3. Steffen R, Hill DR, DuPont HL. Traveler's diarrhea: a clinical review. JAMA. 2015; 313(1): 71-80. [Accessed 30 January 2024]
  4. Jiang ZD, DuPont HL. Etiology of travellers' diarrhea. J Travel Med. 2017; 24 (Suppl 1): S13-S16.
  5. Hill DR, Beeching NJ. Travelers' diarrhea. Curr Opin Infect Dis. 2010; 23: 481-487.
  6. Soonawala D, Vlot JA, Visser LG. Inconvenience due to travelers' diarrhea: a prospective follow-up study. BMC Infect Dis. 2011; 11: 322.
  7. European Centre for Disease Control and Prevention. Spread of multidrug-resistant Shigella in EU/EEA among gay, bisexual and other men who have sex with men. 18 July 2023. [Accessed 30 January 2024]
  8. Health Protection Agency. Foreign travel-associated illness - a focus on travellers' diarrhoea. 2010 report. London: Health Protection Agency; 2010. [Accessed February 2019]
  9. World Health Organization. Guidelines for safe recreational water environments. Volume 2: swimming pools and similar environments. Geneva: World Health Organization; 2006. [Accessed 30 January 2024]
  10. Peake L, Thomas I, Jarvis C, King G, Hussein R, Henderson J et al. Preliminary investigation of a significant national Cryptosporidium exceedance in the United Kingdom, August 2023 and ongoing. Euro Surveill. 2023;28(43). [Accessed 30 January 2024]
  11. Riddle MS, Connor BA, Beeching NJ, et al. Guidelines for the prevention and treatment of travelers' diarrhea: a graded expert panel report. J Trav Med. 2017; 24 (Suppl 1): S63-S80. [Accessed 30 January 2024]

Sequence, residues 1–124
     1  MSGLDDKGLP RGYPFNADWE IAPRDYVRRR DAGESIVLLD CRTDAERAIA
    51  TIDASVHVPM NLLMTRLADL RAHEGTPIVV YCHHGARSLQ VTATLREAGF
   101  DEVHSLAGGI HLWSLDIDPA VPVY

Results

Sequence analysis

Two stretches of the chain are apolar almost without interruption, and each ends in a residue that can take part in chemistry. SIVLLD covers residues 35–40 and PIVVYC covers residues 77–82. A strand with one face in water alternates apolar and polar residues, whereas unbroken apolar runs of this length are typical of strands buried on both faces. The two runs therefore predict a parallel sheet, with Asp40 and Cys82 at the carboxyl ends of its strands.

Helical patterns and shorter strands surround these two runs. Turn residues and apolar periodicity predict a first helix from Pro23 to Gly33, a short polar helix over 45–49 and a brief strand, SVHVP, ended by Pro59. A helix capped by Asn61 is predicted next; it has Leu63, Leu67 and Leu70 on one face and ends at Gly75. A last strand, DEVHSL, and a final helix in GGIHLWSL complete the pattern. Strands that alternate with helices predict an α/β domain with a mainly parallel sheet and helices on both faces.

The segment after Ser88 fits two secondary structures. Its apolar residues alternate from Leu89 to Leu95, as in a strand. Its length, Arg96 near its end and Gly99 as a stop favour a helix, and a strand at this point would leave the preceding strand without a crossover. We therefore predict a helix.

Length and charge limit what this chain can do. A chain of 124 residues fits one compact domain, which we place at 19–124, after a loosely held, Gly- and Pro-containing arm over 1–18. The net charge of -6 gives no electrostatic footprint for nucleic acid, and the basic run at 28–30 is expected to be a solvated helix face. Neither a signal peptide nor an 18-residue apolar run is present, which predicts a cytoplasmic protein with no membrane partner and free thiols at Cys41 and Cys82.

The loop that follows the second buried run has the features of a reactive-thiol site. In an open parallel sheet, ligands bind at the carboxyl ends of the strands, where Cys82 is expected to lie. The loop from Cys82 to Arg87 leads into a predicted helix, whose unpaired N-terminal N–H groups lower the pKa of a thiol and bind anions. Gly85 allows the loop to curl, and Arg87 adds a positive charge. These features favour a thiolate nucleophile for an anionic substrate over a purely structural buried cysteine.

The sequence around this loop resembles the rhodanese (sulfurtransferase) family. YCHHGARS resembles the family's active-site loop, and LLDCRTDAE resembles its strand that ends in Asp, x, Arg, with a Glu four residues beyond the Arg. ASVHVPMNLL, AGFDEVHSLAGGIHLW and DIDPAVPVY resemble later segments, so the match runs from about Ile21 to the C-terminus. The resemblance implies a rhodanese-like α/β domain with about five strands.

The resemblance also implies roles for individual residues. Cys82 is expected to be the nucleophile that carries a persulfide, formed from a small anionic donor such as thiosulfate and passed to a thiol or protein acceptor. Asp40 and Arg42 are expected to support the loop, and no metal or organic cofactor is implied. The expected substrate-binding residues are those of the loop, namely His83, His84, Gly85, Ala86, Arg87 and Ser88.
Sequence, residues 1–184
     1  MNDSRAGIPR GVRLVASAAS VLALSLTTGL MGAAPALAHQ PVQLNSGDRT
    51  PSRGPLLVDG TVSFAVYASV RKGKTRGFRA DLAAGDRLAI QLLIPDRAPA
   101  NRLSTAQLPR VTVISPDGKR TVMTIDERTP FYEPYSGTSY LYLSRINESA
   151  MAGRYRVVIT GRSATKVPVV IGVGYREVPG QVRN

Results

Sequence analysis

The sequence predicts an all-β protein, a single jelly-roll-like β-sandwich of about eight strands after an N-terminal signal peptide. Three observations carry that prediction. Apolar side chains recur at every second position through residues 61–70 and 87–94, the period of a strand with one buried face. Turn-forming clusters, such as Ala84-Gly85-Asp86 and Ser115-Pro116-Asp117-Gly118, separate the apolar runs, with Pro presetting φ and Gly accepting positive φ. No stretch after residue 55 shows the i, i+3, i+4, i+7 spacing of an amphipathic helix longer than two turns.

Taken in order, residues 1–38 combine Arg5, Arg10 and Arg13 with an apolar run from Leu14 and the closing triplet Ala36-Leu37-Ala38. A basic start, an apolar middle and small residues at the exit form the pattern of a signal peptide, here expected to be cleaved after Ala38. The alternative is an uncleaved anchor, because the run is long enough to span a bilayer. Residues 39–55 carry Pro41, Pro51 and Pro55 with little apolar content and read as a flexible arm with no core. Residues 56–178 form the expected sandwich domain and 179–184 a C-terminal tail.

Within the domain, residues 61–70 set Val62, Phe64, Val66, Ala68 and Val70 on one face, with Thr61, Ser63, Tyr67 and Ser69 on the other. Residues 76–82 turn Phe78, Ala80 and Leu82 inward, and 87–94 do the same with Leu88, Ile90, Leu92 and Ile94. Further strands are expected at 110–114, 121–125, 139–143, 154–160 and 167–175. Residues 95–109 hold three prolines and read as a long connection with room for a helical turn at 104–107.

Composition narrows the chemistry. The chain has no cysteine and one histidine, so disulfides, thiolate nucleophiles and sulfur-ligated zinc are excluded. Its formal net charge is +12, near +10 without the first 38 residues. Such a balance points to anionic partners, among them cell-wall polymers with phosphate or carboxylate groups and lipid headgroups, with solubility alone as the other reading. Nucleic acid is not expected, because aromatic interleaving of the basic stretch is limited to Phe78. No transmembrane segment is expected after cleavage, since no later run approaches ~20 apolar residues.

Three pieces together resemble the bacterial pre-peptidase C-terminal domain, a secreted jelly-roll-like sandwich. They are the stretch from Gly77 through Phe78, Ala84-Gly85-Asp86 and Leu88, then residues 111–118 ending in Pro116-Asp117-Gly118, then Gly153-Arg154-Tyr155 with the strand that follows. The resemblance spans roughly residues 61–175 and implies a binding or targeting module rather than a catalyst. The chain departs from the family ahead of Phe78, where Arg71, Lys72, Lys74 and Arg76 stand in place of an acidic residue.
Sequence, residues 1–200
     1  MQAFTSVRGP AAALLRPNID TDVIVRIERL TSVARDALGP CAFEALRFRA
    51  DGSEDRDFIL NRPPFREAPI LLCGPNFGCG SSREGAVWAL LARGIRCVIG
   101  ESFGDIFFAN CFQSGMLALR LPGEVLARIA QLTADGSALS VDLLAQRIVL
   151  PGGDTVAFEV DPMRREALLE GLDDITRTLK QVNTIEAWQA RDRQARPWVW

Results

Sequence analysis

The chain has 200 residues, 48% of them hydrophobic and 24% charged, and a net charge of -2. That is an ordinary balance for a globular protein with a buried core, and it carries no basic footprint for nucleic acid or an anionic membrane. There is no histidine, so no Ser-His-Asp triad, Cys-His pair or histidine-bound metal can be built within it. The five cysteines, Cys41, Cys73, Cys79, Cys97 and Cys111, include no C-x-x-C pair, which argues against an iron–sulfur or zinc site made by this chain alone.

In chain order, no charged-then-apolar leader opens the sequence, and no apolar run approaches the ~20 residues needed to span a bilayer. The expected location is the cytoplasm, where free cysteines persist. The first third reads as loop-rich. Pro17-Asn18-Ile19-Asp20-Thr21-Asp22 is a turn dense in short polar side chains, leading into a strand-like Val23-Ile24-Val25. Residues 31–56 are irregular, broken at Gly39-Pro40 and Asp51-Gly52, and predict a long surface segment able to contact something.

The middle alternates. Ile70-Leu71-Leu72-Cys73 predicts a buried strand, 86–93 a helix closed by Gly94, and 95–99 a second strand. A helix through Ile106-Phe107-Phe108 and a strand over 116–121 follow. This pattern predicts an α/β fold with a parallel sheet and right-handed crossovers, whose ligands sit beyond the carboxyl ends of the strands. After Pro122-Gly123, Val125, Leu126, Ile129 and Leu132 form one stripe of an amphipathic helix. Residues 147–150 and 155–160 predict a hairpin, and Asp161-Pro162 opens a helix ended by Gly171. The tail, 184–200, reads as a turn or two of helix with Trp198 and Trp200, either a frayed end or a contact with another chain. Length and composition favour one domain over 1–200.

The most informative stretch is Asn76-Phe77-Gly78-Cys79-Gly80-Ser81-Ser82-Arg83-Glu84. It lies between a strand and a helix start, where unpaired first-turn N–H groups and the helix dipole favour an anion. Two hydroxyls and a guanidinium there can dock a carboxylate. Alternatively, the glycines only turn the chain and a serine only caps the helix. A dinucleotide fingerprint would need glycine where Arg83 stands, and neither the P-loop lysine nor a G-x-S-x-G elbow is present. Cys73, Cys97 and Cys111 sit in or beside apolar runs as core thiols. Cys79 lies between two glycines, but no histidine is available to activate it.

12. Taylor DN, Hamer DH, Shlim DR. Medications for the prevention and treatment of travellers' diarrhea. J Trav Med. 2017; 24 (Suppl 1): S17-S22.
  13. DuPont HL, Ericsson CD Farthing MJG, et al. Expert review of the evidence base for self-therapy of travelers' diarrhea. J Trav Med. 2009; 16 (3): 161-171. [Accessed 30 January 2024]
  14. World Health Organization. Cholera Outbreaks: Q and A. March 2023 [Accessed 30 January 2024]
  15. National Institute of Health and Care Excellence. Diarrhoea- prevention and advice for travellers. September 2023 [Accessed 30 January 2024]
  16. Heather CS. Travellers' diarrhoea. BMJ Clin Evid. 2015; pii: 0901.
  17. Hassing RJ, Alsma J, Arcilla MS et al. International travel and acquisition of multidrug-resistant Enterobacteriaceae: a systematic review. Euro Surveill 2015; 20.
  18. Norman F, Perez-Molina J, de Ayala P et al. Clostridium difficile-associated diarrhea after antibiotic treatment for traveler's diarrhea. Clin Infect Dis 2008; 46:1060-3.
  19. BMJ Best Practice. Travellers diarrhoea. November 2023 [Accessed 30 January 2024]
  20. Centers for Disease Control and Prevention. CDC Yellow Book. Travelers' Diarrhea.. [Accessed 30 January 2024]
  21. Medicines and Healthcare products Regulatory Agency Drug Safety Update, Systemic and inhaled fluoroquinolones: small increased risk of aortic aneurysm and dissection; advice for prescribing in high-risk patients. 14 November 2018 [Accessed 30 January 2024]
  22. Medicines and Healthcare products Regulatory Agency Drug safety Update. Fluoroquinolone antibiotics: must now only be prescribed when other commonly recommended antibiotics are inappropriate. 22 January 2024 [Accessed 27 February 2024]
  23. European Medicine Agency. Fluoroquinolone and quinolone antibiotics: PRAC recommends new restrictions on use following review of disabling and potentially long-lasting side effects. [Accessed 30 January 2024]
  24. Medicines and Healthcare products Regulatory Agency. Fluoroquinolone antibiotics: new restrictions and precautions for use due to very rare reports of disabling and potentially long-lasting or irreversible side effects. 21 March 2019. [Accessed 30 January 2024]

First published : 30 January 2024 Last updated : 27 February 2024
  1. Reference added to a drug safety update regarding fluoroquinolone antibiotics from Medicines and Healthcare products Regulatory Agency.